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Friday, May 16, 2014

Review: The Raid 2

The Raid 2 (2014):

Synopsis – After the events of The Raid: Redemption, Rama must go undercover into one of the criminal organizations that rule the streets. He has to punch and kick a bunch of people, because that’s what Rama does.

I saw this movie. I saw this movie, and it changed me. I have since dedicated my life to martial arts, and have been pursuing the elite in order to challenge them, mano y mano. Alright, that is obviously a lie. The change that has overcome me has to do with action movies. After having seen what was done in The Raid 2, I don’t think any action is going to be able to hold up. And I don’t even really like action movies! The pure hand to hand combat displayed throughout the movie was simply breathtaking, and I found myself grinning ear to ear as Rama beat his way to the top of the game. If you were to look at my review of the first movie, you might think I was an asshole hypocrite that just changes his mind willy-nilly. Well, that may be true, but the problems I had with the first movie were almost all completely resolved in the sequel. We got a movie with great action and a solid story! It can happen after all.

What I Liked:
-Listen, I know the point of most action movies is to get your blood pumping with the action displayed and not worry about the other bits (although you could argue that Michael Bay is very concerned with the cinematography of all his films, and he mostly specialize in action), but I want a story. I WANT A STORY DAMN IT! And this time, I got one. I got one in spades. I have seen many criticisms about the story and its length, but I freaking loved it. I hope the inevitable 3rd movie has just as much.
-Rama (Iko Uwais) was great, but once again my love goes to Yayan Ruhian, who played Mad Dog in the first movie and Prakoso in this one. That man can do some crazy acrobatic stuff. And mad props to Cecef Arif Rahman for his fight against Rama.
-This wasn’t just a great fighting movie, the driving action was also really thrilling.

What I Didn’t Like:
-I had been hyped up to see Hammer Girl and Baseball Boy in action, but in the end I found them both pretty underwhelming. Because of the nature of their weapons most of their stuff had to be CGI’d in.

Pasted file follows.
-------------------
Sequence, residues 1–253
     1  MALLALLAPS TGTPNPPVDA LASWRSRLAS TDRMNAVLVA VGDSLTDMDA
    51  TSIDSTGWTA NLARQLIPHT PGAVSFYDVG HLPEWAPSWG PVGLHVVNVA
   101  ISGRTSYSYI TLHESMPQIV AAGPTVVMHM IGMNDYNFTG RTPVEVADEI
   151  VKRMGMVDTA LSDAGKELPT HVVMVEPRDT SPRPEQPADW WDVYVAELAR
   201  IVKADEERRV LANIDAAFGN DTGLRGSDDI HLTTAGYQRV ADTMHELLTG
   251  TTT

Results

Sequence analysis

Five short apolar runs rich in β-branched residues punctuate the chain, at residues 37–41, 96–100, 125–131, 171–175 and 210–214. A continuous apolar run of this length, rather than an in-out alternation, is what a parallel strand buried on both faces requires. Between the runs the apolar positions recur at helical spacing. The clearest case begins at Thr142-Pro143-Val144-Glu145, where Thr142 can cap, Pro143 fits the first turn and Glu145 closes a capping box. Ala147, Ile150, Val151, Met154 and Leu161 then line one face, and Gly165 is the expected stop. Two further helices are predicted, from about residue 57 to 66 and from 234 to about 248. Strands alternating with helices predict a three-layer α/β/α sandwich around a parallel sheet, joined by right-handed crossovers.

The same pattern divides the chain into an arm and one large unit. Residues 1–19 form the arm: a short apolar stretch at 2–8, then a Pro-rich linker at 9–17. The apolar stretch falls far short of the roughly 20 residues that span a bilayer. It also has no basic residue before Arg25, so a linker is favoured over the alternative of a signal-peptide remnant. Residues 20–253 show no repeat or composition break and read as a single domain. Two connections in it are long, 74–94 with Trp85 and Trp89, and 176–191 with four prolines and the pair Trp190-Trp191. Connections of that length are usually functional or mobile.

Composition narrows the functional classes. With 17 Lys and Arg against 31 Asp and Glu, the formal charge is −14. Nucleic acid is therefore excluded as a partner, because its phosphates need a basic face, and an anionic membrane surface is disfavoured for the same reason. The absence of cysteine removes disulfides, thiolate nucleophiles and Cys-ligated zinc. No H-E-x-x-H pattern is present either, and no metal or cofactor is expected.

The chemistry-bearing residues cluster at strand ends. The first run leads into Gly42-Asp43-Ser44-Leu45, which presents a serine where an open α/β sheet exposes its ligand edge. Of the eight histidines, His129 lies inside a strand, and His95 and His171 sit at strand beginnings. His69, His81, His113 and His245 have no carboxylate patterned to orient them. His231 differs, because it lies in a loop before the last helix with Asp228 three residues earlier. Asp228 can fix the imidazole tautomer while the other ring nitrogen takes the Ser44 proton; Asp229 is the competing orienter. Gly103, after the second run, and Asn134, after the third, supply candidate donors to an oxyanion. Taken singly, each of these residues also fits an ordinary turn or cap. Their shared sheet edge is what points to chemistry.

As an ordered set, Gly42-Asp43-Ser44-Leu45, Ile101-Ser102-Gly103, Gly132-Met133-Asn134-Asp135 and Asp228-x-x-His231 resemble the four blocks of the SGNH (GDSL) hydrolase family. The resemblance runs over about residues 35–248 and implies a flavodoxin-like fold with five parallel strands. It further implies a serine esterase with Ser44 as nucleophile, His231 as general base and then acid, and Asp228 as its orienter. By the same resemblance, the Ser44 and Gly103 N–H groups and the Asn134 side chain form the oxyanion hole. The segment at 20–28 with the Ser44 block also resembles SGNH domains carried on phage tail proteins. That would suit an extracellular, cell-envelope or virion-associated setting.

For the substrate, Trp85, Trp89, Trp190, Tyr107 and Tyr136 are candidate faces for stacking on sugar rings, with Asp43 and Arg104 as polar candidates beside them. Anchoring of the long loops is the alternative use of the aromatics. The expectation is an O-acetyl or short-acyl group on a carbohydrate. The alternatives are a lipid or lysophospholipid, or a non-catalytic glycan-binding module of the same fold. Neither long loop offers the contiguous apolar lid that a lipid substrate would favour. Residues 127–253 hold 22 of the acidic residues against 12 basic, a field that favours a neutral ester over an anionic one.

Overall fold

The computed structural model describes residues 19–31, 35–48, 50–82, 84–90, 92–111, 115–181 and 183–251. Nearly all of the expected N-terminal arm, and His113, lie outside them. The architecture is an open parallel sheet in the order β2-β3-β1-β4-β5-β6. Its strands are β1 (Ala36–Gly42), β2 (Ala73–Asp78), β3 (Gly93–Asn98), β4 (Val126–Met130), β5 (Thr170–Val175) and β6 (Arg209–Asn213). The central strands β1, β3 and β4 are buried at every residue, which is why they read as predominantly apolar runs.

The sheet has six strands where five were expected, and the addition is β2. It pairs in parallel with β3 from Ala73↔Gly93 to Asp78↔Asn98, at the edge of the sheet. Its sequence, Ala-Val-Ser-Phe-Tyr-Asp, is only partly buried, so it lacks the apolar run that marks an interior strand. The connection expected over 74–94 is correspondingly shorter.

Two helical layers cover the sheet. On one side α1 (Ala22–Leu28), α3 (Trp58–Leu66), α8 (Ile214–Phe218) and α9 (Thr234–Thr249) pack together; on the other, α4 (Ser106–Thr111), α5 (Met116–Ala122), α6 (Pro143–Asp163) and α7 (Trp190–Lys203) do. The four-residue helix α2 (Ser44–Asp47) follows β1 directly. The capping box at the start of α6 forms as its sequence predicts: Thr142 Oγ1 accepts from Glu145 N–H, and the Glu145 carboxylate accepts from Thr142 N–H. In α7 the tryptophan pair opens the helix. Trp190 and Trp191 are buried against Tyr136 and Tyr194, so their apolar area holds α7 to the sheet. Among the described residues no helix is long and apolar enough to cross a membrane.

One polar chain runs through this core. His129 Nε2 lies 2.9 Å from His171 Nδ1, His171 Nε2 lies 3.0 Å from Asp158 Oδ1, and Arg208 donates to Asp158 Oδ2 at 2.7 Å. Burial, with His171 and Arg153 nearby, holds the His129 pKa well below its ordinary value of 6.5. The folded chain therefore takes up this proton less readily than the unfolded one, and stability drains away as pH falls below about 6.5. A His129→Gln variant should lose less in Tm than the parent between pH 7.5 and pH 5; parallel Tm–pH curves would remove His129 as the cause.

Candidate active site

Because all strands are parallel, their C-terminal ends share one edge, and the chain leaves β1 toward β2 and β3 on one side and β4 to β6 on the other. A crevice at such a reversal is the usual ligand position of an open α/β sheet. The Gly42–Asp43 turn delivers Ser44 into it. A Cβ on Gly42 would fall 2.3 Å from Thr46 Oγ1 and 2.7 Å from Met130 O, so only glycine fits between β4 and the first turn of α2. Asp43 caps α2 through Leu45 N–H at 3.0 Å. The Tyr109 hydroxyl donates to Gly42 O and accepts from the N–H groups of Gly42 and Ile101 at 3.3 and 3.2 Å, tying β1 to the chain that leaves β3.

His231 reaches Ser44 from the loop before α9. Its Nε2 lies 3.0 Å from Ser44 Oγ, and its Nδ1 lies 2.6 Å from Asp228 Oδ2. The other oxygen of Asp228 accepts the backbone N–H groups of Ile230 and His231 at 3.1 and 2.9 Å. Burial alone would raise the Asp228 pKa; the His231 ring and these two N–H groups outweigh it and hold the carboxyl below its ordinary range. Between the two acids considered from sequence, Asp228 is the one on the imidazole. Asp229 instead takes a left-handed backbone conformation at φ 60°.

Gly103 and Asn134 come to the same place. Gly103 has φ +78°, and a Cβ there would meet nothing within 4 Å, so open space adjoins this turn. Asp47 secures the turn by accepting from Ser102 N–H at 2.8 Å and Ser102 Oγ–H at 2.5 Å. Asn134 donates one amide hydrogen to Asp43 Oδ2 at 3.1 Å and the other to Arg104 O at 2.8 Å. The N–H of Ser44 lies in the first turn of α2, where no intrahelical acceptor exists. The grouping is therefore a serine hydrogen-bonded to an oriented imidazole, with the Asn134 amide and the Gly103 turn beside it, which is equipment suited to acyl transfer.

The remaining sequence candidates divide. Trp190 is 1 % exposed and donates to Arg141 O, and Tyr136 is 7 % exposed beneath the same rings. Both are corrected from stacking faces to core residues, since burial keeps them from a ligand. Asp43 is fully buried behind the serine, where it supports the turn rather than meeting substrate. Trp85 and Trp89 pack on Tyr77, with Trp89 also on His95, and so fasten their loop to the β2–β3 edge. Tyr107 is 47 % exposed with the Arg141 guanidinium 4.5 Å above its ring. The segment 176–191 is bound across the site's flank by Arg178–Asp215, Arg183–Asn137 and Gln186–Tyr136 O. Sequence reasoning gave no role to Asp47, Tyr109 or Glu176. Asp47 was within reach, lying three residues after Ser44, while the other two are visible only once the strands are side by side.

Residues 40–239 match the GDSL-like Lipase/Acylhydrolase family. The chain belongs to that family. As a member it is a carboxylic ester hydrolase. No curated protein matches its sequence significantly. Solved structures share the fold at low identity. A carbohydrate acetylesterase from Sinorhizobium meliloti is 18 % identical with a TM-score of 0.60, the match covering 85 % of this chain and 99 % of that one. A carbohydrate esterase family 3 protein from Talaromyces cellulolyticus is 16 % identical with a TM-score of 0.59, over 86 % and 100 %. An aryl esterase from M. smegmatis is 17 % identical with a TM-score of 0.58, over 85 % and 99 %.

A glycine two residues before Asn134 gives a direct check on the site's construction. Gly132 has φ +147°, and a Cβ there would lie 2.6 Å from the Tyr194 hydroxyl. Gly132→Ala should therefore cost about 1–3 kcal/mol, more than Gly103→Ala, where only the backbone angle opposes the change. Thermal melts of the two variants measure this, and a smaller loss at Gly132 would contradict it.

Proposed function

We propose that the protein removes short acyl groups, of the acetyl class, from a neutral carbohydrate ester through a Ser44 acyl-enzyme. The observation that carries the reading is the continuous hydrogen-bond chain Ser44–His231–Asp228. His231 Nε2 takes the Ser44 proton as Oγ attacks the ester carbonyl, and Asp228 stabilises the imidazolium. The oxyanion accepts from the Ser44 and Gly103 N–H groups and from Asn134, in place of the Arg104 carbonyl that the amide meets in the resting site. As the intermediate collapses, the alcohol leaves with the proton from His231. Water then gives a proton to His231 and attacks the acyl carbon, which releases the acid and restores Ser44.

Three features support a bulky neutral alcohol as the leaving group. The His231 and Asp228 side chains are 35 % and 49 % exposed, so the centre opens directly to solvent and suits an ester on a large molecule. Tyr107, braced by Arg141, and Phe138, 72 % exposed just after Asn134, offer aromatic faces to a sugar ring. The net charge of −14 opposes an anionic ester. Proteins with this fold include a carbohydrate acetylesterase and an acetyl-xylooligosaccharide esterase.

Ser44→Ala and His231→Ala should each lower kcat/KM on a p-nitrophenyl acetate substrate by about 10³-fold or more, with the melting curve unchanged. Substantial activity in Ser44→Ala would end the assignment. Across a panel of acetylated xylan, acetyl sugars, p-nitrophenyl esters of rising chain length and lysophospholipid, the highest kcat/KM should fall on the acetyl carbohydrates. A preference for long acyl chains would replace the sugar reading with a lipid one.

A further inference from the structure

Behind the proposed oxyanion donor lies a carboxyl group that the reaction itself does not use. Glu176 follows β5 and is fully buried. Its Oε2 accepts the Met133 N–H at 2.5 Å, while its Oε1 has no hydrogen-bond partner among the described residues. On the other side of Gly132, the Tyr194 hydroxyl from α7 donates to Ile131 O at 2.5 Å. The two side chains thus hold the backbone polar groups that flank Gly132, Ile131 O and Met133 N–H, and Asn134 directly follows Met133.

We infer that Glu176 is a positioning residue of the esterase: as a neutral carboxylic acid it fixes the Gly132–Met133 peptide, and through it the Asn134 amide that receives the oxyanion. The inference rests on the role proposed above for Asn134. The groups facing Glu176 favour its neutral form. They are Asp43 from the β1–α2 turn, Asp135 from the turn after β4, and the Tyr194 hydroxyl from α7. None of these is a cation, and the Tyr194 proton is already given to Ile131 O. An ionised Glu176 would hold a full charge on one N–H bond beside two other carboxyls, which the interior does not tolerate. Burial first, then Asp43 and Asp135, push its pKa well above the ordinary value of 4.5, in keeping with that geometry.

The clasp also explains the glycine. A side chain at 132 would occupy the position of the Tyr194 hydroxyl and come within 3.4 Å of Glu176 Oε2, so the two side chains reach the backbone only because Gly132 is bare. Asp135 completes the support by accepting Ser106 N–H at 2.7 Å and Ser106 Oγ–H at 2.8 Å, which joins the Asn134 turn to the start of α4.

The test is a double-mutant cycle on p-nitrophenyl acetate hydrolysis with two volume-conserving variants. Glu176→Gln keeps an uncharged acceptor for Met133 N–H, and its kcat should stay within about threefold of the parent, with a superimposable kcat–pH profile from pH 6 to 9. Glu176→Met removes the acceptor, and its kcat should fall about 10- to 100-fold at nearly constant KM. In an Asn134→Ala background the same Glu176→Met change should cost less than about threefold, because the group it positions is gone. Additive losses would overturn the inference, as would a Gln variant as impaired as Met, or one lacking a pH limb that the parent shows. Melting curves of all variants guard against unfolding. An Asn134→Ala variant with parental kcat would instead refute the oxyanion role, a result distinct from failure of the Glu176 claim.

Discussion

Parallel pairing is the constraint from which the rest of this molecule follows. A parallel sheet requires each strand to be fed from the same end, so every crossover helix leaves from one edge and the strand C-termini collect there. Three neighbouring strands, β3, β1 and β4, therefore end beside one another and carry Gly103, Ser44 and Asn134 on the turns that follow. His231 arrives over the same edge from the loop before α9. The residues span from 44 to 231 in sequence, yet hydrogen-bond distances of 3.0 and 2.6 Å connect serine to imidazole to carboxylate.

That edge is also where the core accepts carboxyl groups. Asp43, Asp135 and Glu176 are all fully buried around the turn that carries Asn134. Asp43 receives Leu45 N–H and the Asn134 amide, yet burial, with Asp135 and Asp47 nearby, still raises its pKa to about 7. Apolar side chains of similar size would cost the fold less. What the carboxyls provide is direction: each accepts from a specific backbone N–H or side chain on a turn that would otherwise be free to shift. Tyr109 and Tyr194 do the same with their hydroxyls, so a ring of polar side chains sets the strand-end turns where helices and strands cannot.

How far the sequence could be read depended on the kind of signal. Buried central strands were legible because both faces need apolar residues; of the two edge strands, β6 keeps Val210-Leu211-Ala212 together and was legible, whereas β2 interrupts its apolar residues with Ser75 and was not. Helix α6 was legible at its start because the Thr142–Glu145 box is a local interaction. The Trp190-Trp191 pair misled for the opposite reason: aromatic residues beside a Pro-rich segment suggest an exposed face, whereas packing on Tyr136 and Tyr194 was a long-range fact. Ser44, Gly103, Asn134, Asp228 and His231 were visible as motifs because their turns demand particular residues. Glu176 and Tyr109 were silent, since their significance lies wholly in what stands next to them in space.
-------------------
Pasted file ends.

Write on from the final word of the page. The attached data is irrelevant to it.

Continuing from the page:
What I Hated:
-As I said before, I don’t think any action movie is ever going to overcome the amazingness of The Raid 2. At least nothing ever American made.


This is one of the best martial arts/action movies I’ve ever seen. If you don’t mind horrendous amounts of violence and reading (as it is subtitled) you HAVE to see this movie. So freaking good.

Friday, May 2, 2014

Review: Boxcar Bertha

Boxcar Bertha (1972):

Synopsis – In the days of railroads and union busting, Bertha and her rag tag group of heroes move from town to town, fighting for the little guy and tryin’ to make an “honest” buck. But really they just keep getting beaten up and arrested.

The adventure into Scorsese’s library continues! FINALLY! My excuse for waiting so long to dig into this movie can be chalked up to many factors: The title of the film is not exactly encouraging; the movie was produced by Roger Corman, which is not necessarily a bad thing, but can be; a sophomore film is usual a dip in quality for a director, and since I liked his first film so much I didn’t know what to expect; I had already heard that the movie wasn’t that good. So after a walk in the afternoon (in 95 degree weather), and after watching a little of Rob Zombie’s Halloween, we thought better of what we were doing (the we is me and my pal Jose) and started up Boxcar Bertha. And you know what? Not that bad! Even if it was supposed to be a bit of an exploitation film, you still got some very nice Scorsese touches throughout the movie.